Scientists at the University of Stuttgart develop a quantum computer demonstrator with several hundred qubits based on Rydberg atoms
Credit: University of Stuttgart, Celina Brandes
Similar to a classical computer, a quantum computer executes a sequence of logical computational steps – algorithms. However, it does this with the smallest physical units, so-called quantum bits (in short: qubits). These qubits can take on not only the states 0 and 1, but also superposition states between 0 and 1. Superposition states are also possible between distant qubits, whereby a change at one particle also causes a change at the other. If two qubits were successfully entangled with each other, their collective state is a superposition of single-particle states. To be able to perform computing operations, this state of superposition and entanglement must be maintained for many qubits over a longer period of time. Therefore, it depends on how precisely one can control single qubits and how well one can scale up the number of qubits.
Rydberg atoms sense each other over a distance of five micrometers
In the past three years, control and entanglement of systems based on Rydberg atoms with more than 50 qubits, as well as qubit operations with an error rate less than one percent has been demonstrated. Rydberg atoms are a thousand times bigger than normal atoms and can „sense” each other over a distance up to about five micrometers due to their weekly bound electron. „For atoms this is a gigantic distance”, explains Dr. Florian Meinert from the 5th Institute of Physics at the University of Stuttgart the special suitability of Rydberg atoms. The excitation is particularly „coherent”, that is controlled and free of disturbances. Quantum gates with Rydberg atoms are a very promising approach. “We are confident that we can improve the performance by the orders of magnitude required to set up a working Rydberg quantum computer” Meinert assures.
Experimental and theoretical physicists cooperate with industry partners
In the project, researchers from experimental physics and theoretical physics as well as from industry work hand in hand. While the group around Dr. Florian Meinert provides the processor for the computer with their experimental setup that allows the guidance and control of the Rydberg atoms, the team around Prof. Hans Peter Büchler from the Institute of Theoretical Physics III at the University of Stuttgart develops the program that executes the computational steps of the quantum algorithms. The goal is to install a web interface at the end of the project that allows computation of a first set of problems. Another challenge is to optimize the computing processes and minimize error rates. Moreover, another necessary step to be developed is the benchmarking of the quantum computer result with highly challenging simulations performed on classical supercomputers. These are the questions addressed by Prof. Simone Montangero from the University of Padova and Honorary Professor at the University of Ulm. In order to keep the coherence in the ensemble of qubits over a long time, the scientists are using a sophisticated laser and trapping system. This system allows for the control and storage of the qubit states 0 and 1, and all superposition states, as well as to realize logical quantum gates as basic building blocks of computational operations. Such laser systems do not yet exist on the market. This is why the Munich-based company TOPTICA Photonics AG, specializing in the development of high-precision laser systems, is involved as an industrial partner in this fundamental research project. The Federal Ministry of Education and Research supports this project with nine Million Euro, the industry partner contributes another 1.1 Million Euro.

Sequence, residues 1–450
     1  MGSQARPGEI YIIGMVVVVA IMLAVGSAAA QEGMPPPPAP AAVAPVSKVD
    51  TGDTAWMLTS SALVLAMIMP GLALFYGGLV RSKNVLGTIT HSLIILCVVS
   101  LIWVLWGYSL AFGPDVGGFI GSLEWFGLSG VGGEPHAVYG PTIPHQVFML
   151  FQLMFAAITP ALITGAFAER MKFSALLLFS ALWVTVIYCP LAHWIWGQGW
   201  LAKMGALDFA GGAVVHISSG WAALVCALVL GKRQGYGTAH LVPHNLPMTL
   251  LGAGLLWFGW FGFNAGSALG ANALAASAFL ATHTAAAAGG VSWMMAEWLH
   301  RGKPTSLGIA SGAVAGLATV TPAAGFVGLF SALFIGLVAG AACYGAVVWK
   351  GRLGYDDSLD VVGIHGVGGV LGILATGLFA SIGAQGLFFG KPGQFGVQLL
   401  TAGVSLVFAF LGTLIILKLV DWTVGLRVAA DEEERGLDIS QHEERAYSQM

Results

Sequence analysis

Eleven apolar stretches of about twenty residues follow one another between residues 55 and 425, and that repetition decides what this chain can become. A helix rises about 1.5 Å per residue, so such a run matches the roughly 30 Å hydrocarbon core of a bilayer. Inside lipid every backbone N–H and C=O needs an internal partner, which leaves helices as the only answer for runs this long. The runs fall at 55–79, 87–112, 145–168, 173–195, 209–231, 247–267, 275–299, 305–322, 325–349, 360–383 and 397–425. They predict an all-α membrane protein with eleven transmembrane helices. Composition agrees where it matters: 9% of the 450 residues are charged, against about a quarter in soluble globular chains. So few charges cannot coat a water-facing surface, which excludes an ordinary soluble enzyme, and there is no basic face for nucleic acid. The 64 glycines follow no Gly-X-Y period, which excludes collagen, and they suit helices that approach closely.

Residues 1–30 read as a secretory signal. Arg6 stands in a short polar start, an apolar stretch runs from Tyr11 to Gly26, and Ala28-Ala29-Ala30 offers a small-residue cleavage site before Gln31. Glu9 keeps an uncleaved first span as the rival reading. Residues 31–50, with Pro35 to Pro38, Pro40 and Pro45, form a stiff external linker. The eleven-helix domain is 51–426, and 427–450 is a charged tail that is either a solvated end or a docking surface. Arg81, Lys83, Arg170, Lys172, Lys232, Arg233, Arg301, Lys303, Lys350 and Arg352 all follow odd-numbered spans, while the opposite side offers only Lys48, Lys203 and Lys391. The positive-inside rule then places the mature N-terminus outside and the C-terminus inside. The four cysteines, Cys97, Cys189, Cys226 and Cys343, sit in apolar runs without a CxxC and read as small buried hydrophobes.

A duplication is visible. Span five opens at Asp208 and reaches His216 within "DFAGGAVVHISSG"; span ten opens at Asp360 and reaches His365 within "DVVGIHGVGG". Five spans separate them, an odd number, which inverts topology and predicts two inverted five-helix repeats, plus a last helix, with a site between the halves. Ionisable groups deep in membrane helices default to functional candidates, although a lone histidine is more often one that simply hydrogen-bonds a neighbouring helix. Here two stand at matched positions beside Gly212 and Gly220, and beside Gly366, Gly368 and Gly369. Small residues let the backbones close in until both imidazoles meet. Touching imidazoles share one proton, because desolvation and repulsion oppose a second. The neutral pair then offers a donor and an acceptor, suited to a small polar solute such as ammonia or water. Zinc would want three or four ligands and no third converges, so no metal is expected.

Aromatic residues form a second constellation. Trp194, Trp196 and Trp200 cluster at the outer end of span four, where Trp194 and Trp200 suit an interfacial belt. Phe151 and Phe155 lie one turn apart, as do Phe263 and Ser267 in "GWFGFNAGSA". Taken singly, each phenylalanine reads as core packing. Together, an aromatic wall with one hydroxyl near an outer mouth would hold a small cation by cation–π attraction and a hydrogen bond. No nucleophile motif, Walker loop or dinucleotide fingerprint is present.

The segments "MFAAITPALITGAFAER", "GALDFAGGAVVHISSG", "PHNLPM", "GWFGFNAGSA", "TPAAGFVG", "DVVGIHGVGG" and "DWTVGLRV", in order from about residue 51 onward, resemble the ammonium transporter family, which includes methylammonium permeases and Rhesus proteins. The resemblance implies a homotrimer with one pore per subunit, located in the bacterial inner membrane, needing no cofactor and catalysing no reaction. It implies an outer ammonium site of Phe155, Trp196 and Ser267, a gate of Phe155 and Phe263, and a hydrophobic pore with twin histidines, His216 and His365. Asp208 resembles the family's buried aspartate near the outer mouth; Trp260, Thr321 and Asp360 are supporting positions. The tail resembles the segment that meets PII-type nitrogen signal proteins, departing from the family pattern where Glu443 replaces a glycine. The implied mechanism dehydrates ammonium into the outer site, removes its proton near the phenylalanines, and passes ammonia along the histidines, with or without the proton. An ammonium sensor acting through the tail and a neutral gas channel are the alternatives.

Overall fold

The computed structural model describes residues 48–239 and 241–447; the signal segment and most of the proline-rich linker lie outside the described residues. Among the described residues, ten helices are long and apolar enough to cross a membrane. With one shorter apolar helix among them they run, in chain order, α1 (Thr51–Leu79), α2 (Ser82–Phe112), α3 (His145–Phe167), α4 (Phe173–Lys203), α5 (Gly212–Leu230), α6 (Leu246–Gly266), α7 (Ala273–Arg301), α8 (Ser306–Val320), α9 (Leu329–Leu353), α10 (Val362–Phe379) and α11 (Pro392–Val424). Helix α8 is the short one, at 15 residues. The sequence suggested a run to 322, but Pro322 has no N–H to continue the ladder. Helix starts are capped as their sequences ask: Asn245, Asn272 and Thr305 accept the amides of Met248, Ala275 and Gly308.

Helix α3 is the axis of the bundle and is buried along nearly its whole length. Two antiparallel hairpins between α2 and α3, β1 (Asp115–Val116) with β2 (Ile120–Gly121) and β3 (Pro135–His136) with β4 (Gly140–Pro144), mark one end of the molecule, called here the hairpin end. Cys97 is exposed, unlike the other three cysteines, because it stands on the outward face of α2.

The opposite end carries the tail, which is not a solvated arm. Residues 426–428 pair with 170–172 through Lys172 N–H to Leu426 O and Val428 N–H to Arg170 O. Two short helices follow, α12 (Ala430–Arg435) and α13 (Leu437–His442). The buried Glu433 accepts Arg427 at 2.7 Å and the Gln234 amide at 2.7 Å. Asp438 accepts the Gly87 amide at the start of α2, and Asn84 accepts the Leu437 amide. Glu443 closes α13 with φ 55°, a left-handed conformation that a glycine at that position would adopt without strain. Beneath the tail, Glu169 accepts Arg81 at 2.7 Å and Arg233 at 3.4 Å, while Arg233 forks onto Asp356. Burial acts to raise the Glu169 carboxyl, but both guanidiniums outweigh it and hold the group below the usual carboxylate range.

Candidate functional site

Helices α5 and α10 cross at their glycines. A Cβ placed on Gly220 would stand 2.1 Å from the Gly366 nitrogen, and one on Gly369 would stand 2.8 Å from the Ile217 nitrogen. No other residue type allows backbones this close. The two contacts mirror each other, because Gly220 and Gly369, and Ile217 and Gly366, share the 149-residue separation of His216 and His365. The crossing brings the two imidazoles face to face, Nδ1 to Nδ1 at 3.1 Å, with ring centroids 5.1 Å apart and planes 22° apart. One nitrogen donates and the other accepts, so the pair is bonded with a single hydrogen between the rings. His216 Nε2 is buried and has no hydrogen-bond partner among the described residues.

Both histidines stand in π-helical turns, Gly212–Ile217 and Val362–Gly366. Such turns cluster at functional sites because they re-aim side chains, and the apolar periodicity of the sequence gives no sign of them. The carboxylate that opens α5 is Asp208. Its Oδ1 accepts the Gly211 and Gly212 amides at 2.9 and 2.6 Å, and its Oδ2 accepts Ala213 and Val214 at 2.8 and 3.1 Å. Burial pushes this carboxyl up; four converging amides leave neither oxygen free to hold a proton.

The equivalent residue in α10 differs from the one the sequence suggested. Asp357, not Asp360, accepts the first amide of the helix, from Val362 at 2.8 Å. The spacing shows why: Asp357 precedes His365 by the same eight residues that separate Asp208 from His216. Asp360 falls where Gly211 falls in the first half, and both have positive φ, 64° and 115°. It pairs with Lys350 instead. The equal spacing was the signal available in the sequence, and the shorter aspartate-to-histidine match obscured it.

„The potential of quantum computers for science and industry in Germany is high”, says Prof. Tilman Pfau, head of the 5th Institute of Physics at the University of Stuttgart and coordinator of the collaborative project „QRydDemo”. “A quantum computer shows its strength especially for solving computationally intensive questions. This is the case, for example, with simulations of molecular bonds or solids, in order to better calculate chemical or biological processes, and to develop new materials or compounds.” Also perfectly optimized traffic flows, production processes or high-performance batteries could be realized with the fundamentally different computing method.
Dr. Forian Meinert